Posted by Laura Ercoli on Tuesday June 7th, 2016

Italian Supreme Court rules in dispute over surname trademark in Fiorucci case

A surname registered as a trademark and then transferred to third parties still allows the person bearing the surname to use it to describe the person’s professional activity, but only if such use does not cause linking to, or confusion with, the trademark.


One of the Fiorucci trademarks transferred by the designer.

Elio Fiorucci, an Italian fashion designer who passed away in 2015, had founded the company Fiorucci S.p.A. and then left it, transferring several word and device trademarks which contained the surname Fiorucci. 

The designer had later registered the trademark “Love Therapy By Elio Fiorucci” and other similar trademarks which all contained the Fiorucci surname. The marks had been used for clothing and accessories, for the name of an outlet in Milan and for merchandising and cobranding activities in the sale of low-calorie sweeteners.

The owners of the transferred Fiorucci trademarks brought an action before the District Court of Milan for trademark infringement and unfair competition through use of a confusingly similar mark.

The district court found that the contested trademark had not infringed the earlier Fiorucci trademarks on the ground that the later mark included the name and surname together as well as the word “by”, which indicated the personal contribution of the designer, and that all of these elements were in a secondary position compared to the words “Love Therapy”.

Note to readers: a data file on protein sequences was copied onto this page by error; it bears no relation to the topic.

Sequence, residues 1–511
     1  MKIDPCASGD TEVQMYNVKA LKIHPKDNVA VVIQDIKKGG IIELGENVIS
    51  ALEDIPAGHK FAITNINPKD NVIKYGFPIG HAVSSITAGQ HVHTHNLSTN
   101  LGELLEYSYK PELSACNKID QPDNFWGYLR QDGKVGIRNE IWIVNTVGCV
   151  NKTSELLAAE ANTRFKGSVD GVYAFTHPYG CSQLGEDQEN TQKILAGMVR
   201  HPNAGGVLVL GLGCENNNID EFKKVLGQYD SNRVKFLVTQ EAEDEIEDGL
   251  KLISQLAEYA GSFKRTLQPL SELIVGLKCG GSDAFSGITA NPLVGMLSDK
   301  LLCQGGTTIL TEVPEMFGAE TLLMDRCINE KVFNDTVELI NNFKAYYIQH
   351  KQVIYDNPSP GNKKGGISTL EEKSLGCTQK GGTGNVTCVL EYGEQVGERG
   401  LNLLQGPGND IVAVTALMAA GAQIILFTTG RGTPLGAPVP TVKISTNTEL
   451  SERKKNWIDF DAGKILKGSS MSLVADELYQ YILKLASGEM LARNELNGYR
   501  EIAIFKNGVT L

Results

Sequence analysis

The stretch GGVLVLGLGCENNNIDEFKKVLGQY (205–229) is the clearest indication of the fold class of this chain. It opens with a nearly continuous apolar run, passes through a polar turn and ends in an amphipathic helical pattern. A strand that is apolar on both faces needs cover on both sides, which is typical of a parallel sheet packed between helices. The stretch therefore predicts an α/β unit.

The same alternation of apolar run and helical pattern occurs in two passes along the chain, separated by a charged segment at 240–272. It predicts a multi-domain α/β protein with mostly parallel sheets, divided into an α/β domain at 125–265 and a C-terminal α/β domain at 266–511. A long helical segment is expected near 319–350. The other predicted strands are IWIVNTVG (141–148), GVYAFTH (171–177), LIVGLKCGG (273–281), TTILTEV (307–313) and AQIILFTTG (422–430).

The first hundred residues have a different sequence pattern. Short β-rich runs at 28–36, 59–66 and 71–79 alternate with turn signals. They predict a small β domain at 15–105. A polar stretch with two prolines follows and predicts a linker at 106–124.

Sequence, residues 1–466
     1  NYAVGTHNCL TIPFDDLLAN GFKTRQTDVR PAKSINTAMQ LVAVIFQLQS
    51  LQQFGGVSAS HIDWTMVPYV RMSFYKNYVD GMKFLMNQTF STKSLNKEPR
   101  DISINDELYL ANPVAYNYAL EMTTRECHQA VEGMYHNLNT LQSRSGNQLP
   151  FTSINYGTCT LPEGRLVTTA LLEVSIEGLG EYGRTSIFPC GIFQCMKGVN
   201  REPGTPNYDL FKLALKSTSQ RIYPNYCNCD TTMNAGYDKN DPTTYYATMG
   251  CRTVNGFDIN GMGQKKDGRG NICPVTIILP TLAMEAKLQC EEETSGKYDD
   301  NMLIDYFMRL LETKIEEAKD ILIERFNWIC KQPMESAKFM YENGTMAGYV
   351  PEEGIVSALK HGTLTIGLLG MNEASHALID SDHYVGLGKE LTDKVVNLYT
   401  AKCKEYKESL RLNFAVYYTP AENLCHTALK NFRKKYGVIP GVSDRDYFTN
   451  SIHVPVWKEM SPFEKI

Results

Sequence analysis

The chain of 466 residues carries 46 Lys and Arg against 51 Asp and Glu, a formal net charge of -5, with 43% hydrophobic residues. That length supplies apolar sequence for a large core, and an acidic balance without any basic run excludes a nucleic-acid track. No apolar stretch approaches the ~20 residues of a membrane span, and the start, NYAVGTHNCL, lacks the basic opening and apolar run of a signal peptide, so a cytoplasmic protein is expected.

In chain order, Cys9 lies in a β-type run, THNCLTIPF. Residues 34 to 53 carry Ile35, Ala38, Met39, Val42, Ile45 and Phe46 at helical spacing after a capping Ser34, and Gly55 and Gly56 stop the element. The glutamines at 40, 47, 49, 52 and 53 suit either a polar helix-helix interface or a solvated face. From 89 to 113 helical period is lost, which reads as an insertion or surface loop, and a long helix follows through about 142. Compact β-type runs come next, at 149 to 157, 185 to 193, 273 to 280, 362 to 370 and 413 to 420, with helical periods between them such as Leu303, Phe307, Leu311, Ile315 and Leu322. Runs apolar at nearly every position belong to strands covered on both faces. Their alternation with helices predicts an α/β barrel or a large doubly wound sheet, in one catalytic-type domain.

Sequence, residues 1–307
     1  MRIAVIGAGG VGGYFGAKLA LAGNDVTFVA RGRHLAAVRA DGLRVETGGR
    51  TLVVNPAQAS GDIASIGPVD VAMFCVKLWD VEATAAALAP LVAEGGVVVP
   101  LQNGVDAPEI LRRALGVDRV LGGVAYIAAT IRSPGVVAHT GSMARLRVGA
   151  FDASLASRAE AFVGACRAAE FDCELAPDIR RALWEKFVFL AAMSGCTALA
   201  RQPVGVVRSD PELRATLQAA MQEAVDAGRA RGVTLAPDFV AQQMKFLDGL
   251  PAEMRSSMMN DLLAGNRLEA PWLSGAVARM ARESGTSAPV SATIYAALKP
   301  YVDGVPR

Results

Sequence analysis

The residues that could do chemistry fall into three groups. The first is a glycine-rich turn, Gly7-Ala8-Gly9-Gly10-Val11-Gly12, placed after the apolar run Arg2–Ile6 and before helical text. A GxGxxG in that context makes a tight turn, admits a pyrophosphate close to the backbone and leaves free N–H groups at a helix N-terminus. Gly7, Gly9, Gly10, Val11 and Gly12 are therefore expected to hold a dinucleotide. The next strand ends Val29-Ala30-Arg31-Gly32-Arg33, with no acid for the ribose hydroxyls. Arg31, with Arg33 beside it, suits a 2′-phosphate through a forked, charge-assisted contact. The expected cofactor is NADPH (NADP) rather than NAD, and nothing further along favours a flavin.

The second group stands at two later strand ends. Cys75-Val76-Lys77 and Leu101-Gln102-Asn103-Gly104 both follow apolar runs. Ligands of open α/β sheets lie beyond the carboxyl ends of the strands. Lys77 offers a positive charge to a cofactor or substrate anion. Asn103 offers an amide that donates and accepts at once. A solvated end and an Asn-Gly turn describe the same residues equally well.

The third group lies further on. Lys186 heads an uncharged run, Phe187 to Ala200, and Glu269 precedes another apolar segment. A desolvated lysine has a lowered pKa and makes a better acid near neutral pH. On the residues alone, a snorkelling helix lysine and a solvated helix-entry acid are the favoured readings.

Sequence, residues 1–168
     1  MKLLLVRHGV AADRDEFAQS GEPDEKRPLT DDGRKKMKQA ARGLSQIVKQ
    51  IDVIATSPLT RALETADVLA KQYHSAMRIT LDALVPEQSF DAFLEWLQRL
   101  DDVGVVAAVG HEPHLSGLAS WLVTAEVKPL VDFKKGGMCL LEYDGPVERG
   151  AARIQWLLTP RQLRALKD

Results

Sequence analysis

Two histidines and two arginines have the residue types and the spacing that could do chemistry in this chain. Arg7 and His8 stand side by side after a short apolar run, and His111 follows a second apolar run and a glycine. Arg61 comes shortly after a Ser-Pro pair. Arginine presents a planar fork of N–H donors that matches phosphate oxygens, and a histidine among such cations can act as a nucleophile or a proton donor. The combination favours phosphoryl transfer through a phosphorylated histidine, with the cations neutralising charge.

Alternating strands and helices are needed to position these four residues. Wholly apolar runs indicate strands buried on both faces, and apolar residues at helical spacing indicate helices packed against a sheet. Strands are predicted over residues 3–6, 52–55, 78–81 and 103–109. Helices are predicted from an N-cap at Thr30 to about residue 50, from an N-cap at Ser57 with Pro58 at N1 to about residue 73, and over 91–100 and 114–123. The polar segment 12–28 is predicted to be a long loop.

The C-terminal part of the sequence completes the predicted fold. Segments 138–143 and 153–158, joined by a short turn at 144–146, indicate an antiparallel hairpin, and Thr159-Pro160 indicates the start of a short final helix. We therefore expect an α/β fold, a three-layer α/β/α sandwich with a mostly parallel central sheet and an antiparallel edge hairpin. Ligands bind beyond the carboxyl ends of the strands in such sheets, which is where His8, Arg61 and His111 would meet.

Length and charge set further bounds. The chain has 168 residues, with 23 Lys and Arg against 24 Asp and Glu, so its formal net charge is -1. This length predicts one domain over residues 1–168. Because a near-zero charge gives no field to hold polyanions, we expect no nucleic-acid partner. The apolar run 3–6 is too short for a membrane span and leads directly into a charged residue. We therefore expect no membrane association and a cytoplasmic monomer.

The surname “Fiorucci” was used in a descriptive function and not as a trademark, and such use was therefore lawful.


One of the “Love Therapy by Elio Fiorucci” trademarks.

The Court of Appeal of Milan essentially upheld the ruling in first instance. The case reached the Italian Supreme Court, that issued its decision No. 10826 on 25 May 2016.

The Supreme Court’s ruling
The decision points out prelimiinarily that the first instance ruling had taken into account only the use of the contested trademark made directly by Mr. Fiorucci himself and by the companies in which he held a stake – but failed to assess also the use of the trademark for the services and products of other enterprises as well as for merchandising, cobranding and comarketing activities.

Secondly, the decision quotes the Italian Supreme Court’s own case law on the use in business of a surname previously registered as a trademark, setting forth that “use in business of a surname must comply with the rules of professional fairness; the surname must not be used as a trademark, and therefore have a distinctive function, but only a descriptive one (…); consequently, counterfeiting exists when the contested trademark includes the registered surname, even if the trademark includes other elements”.

Such a principle has been confirmed also after the entry into force of the Italian Industrial Property Code in 2005, which replaced the previous Italian trademark law.

The Supreme Court’s decision concludes that a person who registers his or her surname as a trademark and then transfers the trademark rights for a fair price may still use the surname to describe his or her professional activities, but upon condition that there is no linking to, or confusion with, the trademark.

The inclusion in a trademark of the surname of a person who had already registered the surname as a trademark and then transferred the registration to third parties does not comply with professional correctness unless it is justified, within strict limits, by a real need to describe the activities, products or services offered by that person.

In the case at issue, the surname Fiorucci was used in ways that went beyond a descriptive function, not only in the activities strictly connected to the creative work of the designer, but also in a well organised marketing business concerning the products of other enterprises in a wide variety of sectors.

The Supreme Court therefore upheld the claims of the owners of the Fiorucci trademarks and annulled the decision of the Milan Court of Appeal, which must now issue a new ruling in the case.

7 June 2016

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